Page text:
During the 19th century, modern-day Czech Republic was an abundant producer of beautiful quality costume jewels. It was during this time that Daniel Swarovski, the famed Austrian jeweler, patented his mechanical glass cutter, a new technology that sparked the mass production of crystals which successfully imitated the look of precious gems. These sterling silver danglers boast a 2" drop punctuated by beautifully faceted pieces of teardrop shaped cut crystal. Keeping in true Deco fashion, an architectural pattern of baguette and tiny round crystals offers a nice foil to the more feminine foliate bottoms found on this lovely pair of earrings. Easily converted to posts or French ear wires.
ART DECO (1915 – 1940)
Art Deco is highly recognizable for its minimalism and futurism. Simultaneous art movements—Cubism, Bauhaus—informed the geometric style, along with “exotic” foreign influences like the Ballet Russe. Motifs like ziggurats and sunbursts, stripped of visual clutter, conveyed the optimism of an increasingly technological world.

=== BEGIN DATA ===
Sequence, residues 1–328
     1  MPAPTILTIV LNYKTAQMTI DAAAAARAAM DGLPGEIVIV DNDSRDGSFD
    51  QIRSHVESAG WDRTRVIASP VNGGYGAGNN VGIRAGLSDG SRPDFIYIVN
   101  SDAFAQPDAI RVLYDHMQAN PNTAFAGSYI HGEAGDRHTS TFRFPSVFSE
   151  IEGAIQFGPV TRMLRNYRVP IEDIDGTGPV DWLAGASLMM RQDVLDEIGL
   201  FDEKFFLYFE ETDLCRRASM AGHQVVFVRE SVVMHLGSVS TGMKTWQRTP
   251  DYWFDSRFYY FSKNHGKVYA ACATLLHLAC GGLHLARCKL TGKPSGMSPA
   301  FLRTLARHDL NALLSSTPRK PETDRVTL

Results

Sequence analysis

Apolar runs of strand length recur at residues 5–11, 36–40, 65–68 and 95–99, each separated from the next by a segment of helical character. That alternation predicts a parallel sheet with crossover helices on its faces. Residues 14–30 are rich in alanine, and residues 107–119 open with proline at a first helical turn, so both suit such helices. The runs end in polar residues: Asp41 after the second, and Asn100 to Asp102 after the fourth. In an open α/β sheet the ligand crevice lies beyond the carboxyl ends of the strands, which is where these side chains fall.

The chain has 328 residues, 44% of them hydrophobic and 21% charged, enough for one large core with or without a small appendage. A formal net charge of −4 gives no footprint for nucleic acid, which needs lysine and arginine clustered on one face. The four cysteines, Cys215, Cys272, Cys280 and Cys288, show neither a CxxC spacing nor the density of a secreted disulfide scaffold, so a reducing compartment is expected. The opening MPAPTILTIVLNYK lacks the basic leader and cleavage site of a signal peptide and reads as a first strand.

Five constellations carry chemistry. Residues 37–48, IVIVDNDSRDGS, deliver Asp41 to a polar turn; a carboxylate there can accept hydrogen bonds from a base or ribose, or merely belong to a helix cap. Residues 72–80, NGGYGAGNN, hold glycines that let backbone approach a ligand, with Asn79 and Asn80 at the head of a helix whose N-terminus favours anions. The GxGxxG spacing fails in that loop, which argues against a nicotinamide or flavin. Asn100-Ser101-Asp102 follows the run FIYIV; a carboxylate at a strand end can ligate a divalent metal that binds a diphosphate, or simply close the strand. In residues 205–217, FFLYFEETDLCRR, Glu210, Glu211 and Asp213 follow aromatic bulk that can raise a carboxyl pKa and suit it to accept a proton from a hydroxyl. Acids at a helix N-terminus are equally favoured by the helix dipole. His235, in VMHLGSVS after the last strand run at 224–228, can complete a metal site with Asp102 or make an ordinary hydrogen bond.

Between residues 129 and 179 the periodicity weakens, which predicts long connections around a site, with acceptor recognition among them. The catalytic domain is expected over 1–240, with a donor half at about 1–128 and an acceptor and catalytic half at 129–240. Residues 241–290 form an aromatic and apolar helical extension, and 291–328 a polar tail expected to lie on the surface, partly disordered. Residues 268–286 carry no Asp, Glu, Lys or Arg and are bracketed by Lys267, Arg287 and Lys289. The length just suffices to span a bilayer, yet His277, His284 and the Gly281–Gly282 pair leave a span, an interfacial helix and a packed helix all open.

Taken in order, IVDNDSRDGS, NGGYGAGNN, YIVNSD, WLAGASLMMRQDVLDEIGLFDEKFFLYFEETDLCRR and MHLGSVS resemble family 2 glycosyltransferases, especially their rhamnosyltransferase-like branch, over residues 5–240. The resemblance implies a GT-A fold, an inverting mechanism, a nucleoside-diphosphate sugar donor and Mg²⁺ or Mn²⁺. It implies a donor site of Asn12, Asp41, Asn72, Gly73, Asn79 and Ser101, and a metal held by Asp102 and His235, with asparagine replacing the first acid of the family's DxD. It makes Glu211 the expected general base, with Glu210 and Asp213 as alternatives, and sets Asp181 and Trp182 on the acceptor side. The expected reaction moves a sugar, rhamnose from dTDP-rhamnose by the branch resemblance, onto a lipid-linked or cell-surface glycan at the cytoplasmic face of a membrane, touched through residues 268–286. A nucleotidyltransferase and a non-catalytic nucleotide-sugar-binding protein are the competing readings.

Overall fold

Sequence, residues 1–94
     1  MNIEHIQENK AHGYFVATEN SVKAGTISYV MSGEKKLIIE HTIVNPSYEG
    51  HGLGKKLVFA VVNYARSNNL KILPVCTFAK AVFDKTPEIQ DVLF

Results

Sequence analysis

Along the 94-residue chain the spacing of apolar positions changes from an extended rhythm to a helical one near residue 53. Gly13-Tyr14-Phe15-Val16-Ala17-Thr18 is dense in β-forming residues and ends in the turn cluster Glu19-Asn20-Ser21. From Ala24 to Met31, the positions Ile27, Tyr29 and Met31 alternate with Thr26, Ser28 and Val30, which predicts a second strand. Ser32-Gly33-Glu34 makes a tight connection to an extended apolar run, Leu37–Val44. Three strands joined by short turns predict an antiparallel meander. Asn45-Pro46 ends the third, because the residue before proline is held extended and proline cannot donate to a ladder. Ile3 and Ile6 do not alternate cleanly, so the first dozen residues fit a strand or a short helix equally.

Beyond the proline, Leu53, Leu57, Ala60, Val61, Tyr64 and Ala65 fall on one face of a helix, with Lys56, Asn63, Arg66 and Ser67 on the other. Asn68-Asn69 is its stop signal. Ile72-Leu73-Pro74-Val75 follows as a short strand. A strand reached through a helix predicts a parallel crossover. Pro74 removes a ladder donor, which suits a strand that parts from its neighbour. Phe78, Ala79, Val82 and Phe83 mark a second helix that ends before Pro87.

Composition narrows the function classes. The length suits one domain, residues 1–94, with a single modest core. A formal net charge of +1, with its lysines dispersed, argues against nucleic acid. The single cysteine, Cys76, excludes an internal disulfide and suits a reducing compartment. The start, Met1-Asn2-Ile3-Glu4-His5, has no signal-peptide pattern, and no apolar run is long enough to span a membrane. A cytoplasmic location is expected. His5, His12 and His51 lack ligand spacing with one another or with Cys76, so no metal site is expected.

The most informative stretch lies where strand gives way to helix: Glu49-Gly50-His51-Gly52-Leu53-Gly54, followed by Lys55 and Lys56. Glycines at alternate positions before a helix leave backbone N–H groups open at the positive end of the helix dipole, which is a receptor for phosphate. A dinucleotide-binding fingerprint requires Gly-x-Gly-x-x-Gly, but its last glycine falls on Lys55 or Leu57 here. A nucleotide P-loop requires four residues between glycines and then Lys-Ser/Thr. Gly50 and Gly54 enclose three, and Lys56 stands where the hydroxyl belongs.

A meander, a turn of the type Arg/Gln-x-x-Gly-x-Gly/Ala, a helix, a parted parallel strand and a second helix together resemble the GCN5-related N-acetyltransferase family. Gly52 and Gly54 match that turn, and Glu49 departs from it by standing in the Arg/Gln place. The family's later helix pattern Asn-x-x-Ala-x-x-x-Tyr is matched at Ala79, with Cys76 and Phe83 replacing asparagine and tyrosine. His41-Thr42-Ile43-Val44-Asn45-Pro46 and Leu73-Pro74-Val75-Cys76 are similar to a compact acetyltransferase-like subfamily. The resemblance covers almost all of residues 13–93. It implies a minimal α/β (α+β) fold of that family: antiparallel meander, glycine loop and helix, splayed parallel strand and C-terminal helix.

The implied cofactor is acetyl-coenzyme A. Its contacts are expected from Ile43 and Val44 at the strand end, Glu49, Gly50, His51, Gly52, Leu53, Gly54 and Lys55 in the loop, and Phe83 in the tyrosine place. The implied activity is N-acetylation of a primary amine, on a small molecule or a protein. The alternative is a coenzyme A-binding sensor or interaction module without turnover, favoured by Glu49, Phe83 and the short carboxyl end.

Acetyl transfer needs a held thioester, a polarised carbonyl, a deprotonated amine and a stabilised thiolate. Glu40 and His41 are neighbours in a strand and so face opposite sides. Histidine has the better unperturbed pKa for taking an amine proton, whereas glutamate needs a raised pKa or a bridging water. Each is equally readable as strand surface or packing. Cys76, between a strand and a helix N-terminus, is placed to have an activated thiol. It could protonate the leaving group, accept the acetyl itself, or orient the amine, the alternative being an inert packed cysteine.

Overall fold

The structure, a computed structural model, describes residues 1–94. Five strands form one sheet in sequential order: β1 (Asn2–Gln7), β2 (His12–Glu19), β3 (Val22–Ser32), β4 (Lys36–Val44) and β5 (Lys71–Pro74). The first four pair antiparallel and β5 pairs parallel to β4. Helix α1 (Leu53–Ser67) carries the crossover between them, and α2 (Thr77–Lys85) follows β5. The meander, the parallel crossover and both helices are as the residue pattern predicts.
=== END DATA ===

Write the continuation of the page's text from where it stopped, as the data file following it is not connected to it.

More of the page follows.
In jewelry, the predominant use of white metals let colorful gems take center stage. Stones that were opaque and true in color, like lapis lazuli, onyx, jade, coral, and opal were worked into designs alongside more precious and brilliant gems, like diamonds, sapphires, rubies, and emeralds. Extra-long beaded necklaces and tasseled “sautoirs” followed the narrow flapper silhouette.
The baguette cut was an Art Deco innovation, and the decade saw increased use of other angular diamond cuts, like the precise caliber cut and the emerald cut. Synthetic gems, like sapphires, were celebrated as a scientific marvel. Marcel Tolkowsky, 21 years old at the time, published the design for the round brilliant cut in 1919.